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    speckytecky (12th May 2009)

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    Proxmox is a great open source solution. OpenVZ via Centos/Debian is also good. Proxmox provides a nice front end to OpenVZ and KVM. Well worth a look. We have got proxmox doing live machine migrations and is working great

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    speckytecky (12th May 2009)

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    We are using VirtualBox All my techies have it installed on there machines and they use it quite a lot. I found it a good place to start personally when looking into virtualisation.

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    speckytecky (12th June 2009)

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    diggory's Avatar
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    Using VMWare ..

    Using VMWare here. Tried it out using VM Workstation (free and installs as a normal windows program).
    Found that VMWare do a free utility for converting machines to virtual ones, as well as converting between most virtual machines.

    Running vSphere 4 on our servers - works very well.

    Watch out for a few gotchas...

    VM's will eat RAM - you'll need more
    They'll also eat a fair amount of disk space.

    They don't fair quite so well with disk intensive stuff - SQL databases and the like (although we are happily running exchange VM).

    I'd try VMWare workstation on your machine - or even better, ESXi on a 'spare' machine to host a load of servers.
    You can download fully setup virtual machines from the net or get a free P2V (physical to virtual) converter from VMWare to copy an existing machine to a virtual one
    Last edited by diggory; 12th June 2009 at 09:28 AM.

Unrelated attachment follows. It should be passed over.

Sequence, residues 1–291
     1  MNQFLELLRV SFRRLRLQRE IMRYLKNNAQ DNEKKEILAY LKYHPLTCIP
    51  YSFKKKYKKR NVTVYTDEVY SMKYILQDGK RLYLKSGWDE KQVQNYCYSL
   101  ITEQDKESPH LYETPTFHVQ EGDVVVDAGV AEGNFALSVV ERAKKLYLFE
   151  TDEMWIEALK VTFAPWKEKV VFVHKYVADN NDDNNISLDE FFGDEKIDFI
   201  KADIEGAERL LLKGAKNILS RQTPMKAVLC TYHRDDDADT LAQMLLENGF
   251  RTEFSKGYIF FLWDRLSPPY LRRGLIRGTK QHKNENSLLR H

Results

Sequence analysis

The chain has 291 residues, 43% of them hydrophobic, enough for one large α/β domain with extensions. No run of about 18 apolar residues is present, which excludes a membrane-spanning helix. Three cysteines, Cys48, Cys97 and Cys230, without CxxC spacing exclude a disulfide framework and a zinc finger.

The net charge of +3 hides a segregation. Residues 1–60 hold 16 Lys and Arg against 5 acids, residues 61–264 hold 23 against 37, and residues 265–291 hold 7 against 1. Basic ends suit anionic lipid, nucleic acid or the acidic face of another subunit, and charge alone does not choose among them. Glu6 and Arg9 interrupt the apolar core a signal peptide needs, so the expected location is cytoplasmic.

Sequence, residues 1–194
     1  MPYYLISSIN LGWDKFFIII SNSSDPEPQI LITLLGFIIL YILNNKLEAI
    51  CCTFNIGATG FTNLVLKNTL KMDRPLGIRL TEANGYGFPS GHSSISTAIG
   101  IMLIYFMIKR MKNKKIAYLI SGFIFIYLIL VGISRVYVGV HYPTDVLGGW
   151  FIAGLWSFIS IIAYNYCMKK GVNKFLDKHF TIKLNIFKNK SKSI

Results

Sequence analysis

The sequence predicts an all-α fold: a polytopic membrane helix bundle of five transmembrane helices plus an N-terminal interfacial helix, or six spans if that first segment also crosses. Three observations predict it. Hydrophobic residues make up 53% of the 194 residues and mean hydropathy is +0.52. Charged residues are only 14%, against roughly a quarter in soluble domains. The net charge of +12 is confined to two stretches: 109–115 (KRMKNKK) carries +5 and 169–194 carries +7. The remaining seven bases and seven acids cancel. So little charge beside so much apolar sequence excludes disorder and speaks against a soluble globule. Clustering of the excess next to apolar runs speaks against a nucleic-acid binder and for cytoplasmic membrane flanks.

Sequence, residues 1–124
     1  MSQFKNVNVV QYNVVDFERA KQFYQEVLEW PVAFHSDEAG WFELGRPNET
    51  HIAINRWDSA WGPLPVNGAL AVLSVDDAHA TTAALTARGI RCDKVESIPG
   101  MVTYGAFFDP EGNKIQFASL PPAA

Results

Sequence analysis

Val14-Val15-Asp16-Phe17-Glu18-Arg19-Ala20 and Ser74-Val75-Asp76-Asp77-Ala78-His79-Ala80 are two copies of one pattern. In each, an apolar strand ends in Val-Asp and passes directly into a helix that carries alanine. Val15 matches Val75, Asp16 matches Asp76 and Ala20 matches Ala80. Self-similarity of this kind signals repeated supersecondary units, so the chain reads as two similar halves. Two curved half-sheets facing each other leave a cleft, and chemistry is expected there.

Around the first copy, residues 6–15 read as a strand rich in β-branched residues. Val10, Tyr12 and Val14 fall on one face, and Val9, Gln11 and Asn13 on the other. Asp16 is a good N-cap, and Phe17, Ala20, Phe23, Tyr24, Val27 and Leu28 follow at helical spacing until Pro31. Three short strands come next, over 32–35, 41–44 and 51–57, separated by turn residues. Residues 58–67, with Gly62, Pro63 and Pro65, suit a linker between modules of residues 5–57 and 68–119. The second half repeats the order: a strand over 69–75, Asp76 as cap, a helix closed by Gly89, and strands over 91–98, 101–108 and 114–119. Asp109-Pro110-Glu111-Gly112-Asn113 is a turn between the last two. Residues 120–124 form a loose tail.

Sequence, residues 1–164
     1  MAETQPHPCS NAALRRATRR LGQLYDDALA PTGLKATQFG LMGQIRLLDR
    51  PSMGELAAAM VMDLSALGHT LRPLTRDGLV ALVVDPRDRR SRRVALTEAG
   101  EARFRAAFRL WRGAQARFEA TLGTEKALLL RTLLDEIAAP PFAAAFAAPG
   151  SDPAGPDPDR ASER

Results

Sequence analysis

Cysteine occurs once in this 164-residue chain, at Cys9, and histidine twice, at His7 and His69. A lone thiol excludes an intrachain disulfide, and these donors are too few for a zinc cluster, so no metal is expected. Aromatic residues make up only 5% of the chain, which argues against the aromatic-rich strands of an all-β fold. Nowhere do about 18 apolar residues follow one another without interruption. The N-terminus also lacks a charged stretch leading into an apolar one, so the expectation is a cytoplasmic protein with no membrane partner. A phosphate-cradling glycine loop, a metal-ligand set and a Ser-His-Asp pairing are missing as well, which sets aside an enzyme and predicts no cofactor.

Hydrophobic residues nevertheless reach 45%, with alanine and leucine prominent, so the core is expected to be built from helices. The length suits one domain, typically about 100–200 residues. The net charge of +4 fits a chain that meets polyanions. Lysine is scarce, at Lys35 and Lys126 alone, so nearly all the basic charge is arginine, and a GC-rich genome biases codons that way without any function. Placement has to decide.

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    speckytecky (12th June 2009)

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    john's Avatar
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    I'm a Microsoft Virtual Server guy and that works really well, use it on one server to run 2 VMs and I use it on my XP Pro PC to run 3 or 4 VMs on that which also is good

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    speckytecky (12th June 2009)

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    tmcd35's Avatar
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    If you're serious about learning server virtualisation then one of the best places on the internet (even if it is brand specific) is the VMWare Community Forums: VMware Communities: Online Community for Virtualization and vSphere Experts

    A very active community with an extremely good shared skill set and knowledge base. They helped me out tremendously while I was studying for my VCP and implementing my first virtual infrastructure at my last school.

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    speckytecky (12th June 2009)

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    Dos_Box's Avatar
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    I'm moving this thread to the Virtualisation forum. Perhaps that would be a good place to start?

  29. Thanks to Dos_Box from:

    speckytecky (12th June 2009)